Somalia: MSF Forced to Suspend Operations in Section of Mogadishu

After two attacks on MSF's compound in Mogadishu's Medina neighborhood, MSF was forced to suspend its medical operations in the area indefinitely. 

Somalia © 2011 MSF

Following two grenade attacks in mid-March on the Doctors Without Borders/Médecins Sans Frontières (MSF) compound in the Medina area of Somalia’s capital, Mogadishu, MSF has suspended its medical operations in the area indefinitely.

The two grenade attacks against the MSF compound in Medina’s Wadajir district took place after nearly two months of MSF operations there. In the second incident, two guards were slightly injured.

“MSF considers this a serious incident due to the direct attacks on our premises, which were aimed at causing heavy casualties and damage to MSF,” said Joachim Delville, MSF head of mission.

MSF reaffirms its commitment to Somali communities, but insists it will not continue operations at any cost, and certainly not at the cost of the security of MSF staff and its patients.

“Following these incidents, we need to re-engage with local authorities and communities to re-evaluate if acceptable security conditions can still be guaranteed,” said Delville. “MSF calls upon all parties in Somalia to respect the lives of the civilian population and to ensure that humanitarian workers can safely access people in need.”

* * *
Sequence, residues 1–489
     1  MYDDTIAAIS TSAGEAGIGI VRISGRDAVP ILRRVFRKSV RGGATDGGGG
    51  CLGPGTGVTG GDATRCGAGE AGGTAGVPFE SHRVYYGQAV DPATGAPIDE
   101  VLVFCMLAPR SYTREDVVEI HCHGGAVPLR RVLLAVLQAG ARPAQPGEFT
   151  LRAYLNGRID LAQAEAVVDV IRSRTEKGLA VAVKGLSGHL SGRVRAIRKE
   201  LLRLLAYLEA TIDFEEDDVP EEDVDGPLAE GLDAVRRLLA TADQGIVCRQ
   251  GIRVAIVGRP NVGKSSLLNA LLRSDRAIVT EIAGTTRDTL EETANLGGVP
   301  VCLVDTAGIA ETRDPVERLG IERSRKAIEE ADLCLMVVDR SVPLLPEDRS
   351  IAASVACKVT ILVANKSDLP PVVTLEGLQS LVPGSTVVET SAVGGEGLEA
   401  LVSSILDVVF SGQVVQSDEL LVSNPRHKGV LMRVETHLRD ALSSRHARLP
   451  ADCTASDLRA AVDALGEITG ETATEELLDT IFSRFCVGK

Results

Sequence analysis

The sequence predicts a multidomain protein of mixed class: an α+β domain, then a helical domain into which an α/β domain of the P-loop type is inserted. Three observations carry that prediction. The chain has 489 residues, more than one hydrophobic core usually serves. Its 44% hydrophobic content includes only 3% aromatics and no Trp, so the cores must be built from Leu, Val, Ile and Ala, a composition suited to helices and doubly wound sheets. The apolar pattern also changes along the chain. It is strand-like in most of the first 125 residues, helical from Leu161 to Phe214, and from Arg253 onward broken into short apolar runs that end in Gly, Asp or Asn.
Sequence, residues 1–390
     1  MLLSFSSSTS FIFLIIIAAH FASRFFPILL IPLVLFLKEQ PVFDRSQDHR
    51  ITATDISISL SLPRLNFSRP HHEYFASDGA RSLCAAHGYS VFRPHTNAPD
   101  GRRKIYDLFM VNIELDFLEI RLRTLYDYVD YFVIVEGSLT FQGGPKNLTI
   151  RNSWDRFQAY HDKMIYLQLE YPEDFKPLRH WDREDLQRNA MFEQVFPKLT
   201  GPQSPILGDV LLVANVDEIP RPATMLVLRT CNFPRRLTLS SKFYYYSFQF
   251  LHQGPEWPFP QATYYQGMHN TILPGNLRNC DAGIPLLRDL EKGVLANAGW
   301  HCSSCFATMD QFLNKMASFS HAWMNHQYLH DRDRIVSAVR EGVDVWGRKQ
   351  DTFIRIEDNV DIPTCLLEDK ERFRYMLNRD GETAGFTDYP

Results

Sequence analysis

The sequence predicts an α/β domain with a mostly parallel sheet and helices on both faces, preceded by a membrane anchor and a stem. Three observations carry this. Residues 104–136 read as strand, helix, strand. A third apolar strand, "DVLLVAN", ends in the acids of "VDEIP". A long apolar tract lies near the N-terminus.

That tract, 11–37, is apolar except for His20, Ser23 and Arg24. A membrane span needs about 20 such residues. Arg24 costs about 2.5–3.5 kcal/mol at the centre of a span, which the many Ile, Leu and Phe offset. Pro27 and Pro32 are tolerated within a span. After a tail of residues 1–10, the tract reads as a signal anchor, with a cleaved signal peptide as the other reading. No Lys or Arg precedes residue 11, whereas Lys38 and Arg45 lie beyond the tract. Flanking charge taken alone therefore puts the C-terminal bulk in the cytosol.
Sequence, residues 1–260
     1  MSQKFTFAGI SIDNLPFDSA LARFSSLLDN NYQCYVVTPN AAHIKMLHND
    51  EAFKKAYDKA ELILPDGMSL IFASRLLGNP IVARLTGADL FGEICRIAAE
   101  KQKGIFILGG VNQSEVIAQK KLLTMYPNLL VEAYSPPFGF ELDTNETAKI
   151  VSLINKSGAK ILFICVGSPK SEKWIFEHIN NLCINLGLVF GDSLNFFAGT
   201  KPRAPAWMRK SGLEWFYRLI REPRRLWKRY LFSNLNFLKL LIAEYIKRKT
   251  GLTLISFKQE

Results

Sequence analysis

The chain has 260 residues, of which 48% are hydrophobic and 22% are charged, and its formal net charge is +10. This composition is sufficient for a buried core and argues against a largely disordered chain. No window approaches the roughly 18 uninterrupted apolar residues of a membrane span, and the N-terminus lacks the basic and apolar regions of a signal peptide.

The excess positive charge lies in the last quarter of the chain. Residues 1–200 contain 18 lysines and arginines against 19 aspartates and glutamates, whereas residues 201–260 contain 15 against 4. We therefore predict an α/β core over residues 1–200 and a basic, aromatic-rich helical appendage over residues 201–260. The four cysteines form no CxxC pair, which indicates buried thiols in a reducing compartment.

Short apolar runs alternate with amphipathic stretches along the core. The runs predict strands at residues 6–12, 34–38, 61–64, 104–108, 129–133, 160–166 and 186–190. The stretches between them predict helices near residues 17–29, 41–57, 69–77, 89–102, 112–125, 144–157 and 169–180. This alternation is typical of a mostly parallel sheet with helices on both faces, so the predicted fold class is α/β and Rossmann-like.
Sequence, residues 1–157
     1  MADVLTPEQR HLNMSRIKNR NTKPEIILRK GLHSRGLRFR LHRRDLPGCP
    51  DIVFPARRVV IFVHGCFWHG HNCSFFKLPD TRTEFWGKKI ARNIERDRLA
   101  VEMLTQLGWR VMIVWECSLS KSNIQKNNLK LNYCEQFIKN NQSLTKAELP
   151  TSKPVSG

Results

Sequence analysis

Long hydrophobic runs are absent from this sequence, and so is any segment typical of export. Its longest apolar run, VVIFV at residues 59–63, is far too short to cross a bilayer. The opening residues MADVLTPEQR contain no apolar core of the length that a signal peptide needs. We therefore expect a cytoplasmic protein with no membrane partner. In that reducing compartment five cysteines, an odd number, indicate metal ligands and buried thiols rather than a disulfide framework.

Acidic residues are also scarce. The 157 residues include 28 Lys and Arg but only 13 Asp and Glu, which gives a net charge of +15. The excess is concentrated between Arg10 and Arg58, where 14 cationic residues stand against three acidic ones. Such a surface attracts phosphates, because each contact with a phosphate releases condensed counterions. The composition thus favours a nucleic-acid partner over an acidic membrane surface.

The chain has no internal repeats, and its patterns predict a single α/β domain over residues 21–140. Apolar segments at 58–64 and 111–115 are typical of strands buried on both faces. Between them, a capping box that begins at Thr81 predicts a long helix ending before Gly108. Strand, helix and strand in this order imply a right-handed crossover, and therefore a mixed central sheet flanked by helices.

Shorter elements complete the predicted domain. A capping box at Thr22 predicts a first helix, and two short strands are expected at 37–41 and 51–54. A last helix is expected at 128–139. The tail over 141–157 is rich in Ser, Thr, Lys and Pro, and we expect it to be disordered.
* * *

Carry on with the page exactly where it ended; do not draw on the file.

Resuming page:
Of particular concern is the fate of people lacking access to free medical care in the area, especially malnourished children.

“We currently have 414 children registered in our malnutrition programs, of which 59 (14 percent) are severely malnourished and therefore facing high risk of deterioration in the absence of appropriate nutritional care,” said Delville.

Plans to open a second health facility for malnourished children in Wadajir will also have to be put on hold.

MSF had just recently opened a health facility in the Dharkenley neighborhood of Medina, offering free medical services to all, including the resident community and displaced populations. In its first two months of activities, MSF treated 3,217 children, 60 percent of whom are under five. Among them, 856 children were admitted to the nutrition program.

MSF has worked continuously in Somalia since 1991 and currently provides free medical care in eight regions of south central Somalia. More than 1,300 Somali staff, supported by approximately 100 staff in Nairobi, provide primary health care and surgery, malnutrition treatment, health care and support to displaced people, and water and relief supplies. MSF does not accept any government funding for its projects in Somalia. All funding comes from private donors.